[(difference between long put
strike and short put strike) minus
credit received]
bear strategy BEAR SPLIT-STRIKE COMBO

Example: Buy 1 put; profit


sell 1 call at higher strike +
Market Outlook: Bearish
Risk: Unlimited
Reward: Limited, but substantial stock
price
Increase in Volatility: Neutral
Time Erosion: Neutral
BEP: Two BEPs
1. Short call strike plus -
premium received loss
2. If established at a debit, long
put strike minus premium paid
Note: This strategy is similar to a
Synthetic Short Stock, if established
at a debit.
Neutral Strategies
neutral strategy COLLAR

Example: Own stock, protect


by purchasing 1 put and selling profit
1 call with a higher strike
+
Market Outlook: Neutral
Risk: Limited
Reward: Limited
stock
Increase in Volatility: Effect price
varies, none in most cases
Time Erosion: Effect varies
BEP: In principle, breaks even
if, at expiration, the stock is -
above/(below) its initial level by loss
the amount of the debit/(credit)
neutral strategy SHORT STRADDLE

Example: Sell 1 call;


profit
sell 1 put at same strike
Market Outlook: Neutral
+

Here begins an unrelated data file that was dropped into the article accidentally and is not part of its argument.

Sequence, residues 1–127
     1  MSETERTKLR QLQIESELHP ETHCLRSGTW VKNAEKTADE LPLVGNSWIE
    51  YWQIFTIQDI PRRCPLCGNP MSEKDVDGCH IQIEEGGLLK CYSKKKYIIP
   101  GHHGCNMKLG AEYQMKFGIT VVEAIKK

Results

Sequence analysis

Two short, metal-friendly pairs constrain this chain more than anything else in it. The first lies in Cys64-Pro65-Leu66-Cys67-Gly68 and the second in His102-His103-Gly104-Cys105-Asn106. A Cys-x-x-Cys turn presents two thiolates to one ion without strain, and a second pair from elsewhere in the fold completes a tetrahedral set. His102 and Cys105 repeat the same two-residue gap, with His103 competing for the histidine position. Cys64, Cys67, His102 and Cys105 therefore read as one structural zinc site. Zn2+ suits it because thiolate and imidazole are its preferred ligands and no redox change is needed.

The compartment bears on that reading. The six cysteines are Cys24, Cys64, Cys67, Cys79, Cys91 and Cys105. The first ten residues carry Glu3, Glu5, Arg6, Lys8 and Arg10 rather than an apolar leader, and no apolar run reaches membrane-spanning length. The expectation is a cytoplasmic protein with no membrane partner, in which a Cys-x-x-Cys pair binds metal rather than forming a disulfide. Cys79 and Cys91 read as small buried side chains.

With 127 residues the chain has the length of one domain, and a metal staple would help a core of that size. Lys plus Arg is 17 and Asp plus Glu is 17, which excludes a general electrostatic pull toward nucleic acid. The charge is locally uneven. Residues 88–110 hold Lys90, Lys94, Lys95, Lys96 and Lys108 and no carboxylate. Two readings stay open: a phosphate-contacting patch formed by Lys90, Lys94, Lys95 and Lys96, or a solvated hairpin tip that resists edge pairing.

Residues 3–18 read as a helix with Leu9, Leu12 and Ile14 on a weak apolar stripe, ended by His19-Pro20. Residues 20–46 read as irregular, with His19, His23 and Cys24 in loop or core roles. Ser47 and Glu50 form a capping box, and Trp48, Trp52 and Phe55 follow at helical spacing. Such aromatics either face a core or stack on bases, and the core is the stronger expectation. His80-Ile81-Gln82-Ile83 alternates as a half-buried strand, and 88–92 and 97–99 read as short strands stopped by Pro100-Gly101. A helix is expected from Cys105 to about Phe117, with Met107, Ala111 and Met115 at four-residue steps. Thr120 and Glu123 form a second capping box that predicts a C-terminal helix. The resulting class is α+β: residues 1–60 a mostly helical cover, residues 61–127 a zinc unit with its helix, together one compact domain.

Risk: Unlimited
Reward: Limited
Increase in Volatility: stock
price
Hurts position
Time Erosion: Helps position
BEP: Two BEPs
1. Call strike plus premium -
received loss
2. Put strike minus premium
received
neutral strategy LONG STRADDLE

Example: Buy 1 call;


buy 1 put at same strike profit
Market Outlook: Large move +
in either direction
Risk: Limited
Reward: Unlimited
stock
Increase in Volatility: price
Helps position
Time Erosion: Hurts position
BEP: Two BEPs
1. Call strike plus premium paid -
2. Put strike minus premium paid loss
neutral strategy LONG STRANGLE

Example: Buy 1 call;


buy 1 put at lower strike profit
Market Outlook: Large move +
in either direction
Risk: Limited
Reward: Unlimited
stock
Increase in Volatility: price
Helps position
Time Erosion: Hurts position
BEP: Two BEPs
1. Call strike plus premium paid -
2. Put strike minus premium paid loss
neutral strategy SHORT STRANGLE

Example: Sell 1 call;


sell 1 put at lower strike profit
Market Outlook: Neutral +
Risk: Unlimited
Reward: Limited
Increase in Volatility: stock
Hurts position price
Time Erosion: Helps position
BEP: Two BEPs
1. Call strike plus premium
received -
2. Put strike minus premium loss
received
neutral strategy RATIO SPREAD WITH CALLS

Example: Buy 1 call; profit


sell 2 calls at higher strike +
Market Outlook: Neutral to slightly
bullish
Risk: Unlimited
Reward: Limited stock
price
Increase in Volatility: Typically hurts
position
Time Erosion: Typically helps position
BEP: Two BEPs -
1. Long call strike plus premium paid loss
2. Short call strike plus
[(the difference between the long The maximum profit potential is